Minority Decision

J. Akil Kureshi, minority, found that there was no automatic conversion on marriage. Special Marriage Act, 1954 speaks of a special form of marriage in which both parties can retain their birth-religion insofar as the other conditions under Section 4 of the Act of 1954 were satisfied. Kureshi, J. noted that it highlights legislative commitment toward a secular state. He ruled that the petitioner retained her Parsi identity by solemnisation of her marriage under the Special Marriage Act.

Special Leave Petition before the Supreme Court

Ms. Gupta filed a Special Leave Petition before the Supreme Court.  The petition stands referred to a Constitutional Bench.  

It is pointed out that Goolrokh Gupta had not converted to the Hindu religion and the marriage was not taken place under the Hindu Marriage Act. The Special Marriage Act under which the marriage was solemnised, on the other hand, allowed the retention of religious identity. It was also pointed out that the matter was not one of acceptance by the religious or social community.  Therefore, it was contended that the presumption was that Ms Gupta continued as a Parsi.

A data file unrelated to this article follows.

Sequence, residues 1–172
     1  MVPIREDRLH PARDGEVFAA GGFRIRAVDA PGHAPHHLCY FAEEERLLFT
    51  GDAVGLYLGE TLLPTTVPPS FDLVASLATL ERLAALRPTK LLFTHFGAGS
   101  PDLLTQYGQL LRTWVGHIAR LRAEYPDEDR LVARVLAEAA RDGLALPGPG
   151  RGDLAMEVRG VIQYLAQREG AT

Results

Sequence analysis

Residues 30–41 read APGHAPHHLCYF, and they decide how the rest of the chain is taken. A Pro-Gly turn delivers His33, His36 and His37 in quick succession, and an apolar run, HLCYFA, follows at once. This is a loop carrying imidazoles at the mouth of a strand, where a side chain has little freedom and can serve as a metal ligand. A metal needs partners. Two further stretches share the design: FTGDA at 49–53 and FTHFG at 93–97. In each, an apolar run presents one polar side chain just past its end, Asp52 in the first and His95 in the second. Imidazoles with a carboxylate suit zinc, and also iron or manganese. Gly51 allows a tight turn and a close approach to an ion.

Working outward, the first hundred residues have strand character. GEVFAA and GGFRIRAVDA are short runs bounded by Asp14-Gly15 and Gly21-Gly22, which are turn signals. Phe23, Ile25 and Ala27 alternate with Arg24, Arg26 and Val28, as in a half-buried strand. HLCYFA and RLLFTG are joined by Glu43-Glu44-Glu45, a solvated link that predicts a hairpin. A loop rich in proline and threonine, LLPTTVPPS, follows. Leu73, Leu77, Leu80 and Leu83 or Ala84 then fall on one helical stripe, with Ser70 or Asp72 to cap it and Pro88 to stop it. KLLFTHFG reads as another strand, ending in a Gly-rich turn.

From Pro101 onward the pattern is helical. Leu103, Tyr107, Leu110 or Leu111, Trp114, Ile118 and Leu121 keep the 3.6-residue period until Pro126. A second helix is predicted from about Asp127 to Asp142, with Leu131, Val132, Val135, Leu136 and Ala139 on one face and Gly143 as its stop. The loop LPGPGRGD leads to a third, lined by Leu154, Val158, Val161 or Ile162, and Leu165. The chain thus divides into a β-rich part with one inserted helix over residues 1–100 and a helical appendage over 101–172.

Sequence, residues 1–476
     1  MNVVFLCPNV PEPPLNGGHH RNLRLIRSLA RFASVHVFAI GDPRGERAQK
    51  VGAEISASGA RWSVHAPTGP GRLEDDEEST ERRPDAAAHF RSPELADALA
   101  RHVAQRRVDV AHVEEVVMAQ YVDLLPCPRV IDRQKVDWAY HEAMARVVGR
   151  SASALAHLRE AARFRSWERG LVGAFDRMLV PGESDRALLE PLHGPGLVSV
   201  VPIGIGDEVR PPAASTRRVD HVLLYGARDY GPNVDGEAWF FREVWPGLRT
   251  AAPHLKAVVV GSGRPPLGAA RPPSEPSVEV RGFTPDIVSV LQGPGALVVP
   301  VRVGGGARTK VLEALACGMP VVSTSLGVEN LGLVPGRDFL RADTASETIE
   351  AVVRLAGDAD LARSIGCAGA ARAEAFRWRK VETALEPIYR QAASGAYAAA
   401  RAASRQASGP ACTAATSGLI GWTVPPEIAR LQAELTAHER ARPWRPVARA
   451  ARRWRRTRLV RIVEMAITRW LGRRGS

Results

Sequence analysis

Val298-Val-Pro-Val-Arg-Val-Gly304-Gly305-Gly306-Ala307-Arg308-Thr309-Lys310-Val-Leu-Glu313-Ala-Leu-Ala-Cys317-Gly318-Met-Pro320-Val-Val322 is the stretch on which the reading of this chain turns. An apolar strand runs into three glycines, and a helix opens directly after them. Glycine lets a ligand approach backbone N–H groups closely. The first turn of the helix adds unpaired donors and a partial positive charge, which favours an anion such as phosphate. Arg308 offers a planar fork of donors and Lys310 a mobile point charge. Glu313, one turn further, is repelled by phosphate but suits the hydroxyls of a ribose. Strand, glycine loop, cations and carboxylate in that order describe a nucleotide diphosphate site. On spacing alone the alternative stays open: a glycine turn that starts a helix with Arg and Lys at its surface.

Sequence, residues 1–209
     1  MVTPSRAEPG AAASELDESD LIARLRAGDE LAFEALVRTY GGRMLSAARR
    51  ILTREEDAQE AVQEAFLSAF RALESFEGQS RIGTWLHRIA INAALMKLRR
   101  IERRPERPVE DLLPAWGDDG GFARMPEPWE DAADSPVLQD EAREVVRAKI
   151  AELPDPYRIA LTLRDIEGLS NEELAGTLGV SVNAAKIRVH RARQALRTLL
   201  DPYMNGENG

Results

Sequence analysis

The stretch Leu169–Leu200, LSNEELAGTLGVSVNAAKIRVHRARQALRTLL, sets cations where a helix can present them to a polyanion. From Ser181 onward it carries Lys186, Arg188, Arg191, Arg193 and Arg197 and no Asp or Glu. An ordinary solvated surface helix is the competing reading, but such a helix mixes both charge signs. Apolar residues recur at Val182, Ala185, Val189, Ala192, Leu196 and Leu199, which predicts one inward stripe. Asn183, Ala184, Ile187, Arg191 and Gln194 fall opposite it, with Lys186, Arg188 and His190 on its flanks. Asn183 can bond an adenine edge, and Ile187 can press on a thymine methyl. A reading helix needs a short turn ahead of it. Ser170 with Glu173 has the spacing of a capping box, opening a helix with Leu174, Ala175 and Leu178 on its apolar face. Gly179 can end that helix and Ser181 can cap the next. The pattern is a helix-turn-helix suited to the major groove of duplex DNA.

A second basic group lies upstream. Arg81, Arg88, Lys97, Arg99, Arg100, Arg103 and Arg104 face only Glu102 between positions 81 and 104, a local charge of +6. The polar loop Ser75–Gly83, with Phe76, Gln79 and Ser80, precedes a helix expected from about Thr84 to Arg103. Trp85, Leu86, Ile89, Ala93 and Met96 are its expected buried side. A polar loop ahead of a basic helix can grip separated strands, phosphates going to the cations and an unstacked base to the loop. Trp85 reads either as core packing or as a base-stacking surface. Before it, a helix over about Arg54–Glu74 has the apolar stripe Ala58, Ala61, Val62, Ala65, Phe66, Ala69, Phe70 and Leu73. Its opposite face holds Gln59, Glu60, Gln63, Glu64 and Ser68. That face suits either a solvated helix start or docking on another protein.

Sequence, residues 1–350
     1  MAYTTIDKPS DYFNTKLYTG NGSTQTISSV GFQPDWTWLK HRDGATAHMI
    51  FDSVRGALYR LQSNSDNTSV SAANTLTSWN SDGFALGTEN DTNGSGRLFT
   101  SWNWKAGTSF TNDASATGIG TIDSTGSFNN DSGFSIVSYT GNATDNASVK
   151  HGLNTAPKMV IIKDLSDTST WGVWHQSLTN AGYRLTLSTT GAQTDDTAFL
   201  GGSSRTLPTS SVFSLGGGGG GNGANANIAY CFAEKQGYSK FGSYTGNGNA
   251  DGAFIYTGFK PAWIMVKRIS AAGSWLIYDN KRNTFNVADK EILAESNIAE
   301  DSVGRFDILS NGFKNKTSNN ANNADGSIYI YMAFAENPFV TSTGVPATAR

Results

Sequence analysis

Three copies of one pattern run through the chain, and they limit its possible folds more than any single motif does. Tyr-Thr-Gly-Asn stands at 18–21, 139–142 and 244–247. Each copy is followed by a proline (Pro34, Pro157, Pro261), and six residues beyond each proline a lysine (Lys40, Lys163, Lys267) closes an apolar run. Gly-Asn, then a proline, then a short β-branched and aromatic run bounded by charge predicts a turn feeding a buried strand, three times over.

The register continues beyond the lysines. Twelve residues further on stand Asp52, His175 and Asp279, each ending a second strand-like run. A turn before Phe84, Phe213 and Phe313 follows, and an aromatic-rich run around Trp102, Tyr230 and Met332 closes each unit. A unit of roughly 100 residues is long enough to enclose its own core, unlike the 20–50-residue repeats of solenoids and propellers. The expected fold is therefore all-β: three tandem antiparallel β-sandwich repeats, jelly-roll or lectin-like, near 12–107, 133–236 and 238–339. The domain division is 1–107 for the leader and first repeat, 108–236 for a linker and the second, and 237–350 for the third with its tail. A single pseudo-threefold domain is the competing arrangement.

The respondents, at the time of arguments before the Supreme Court, pointed out that the edicts of Zoroastrianism were very complex. Zoroastrianism is patrilineal and all the texts/edicts dictate that one was to marry within the fold of the religion itself. If one chose to marry outside the religion, they would not suffer excommunication but would end up in losing the privileges conferred on them by the religion. The Parsi Trust and other Respondents claimed that denial of entry to non-Parsis into the Parsi institutions was an essential practice of the religion and that it was protected  under Article 26, and that the Trust was entitled to regulate such entry.


The core issue involved in this case is the civil rights of an individual, protected under Article 25 of the Constitution of India, on one hand, and that of the religious denomination under Article 26, on the other. It can be definitely stated that the attempt of the Supreme Court will be to strike-out a balance, maintaining the Constitutional mandates.

The Appeal is pending consideration.

Read in this Cluster (Click on the Topic):

Book No. 1.   Handbook of a Civil Lawyer

Civil Procedure Code

Power of attorney

Evidence Act – General

Book No. 4: Common Law of TRUSTS in India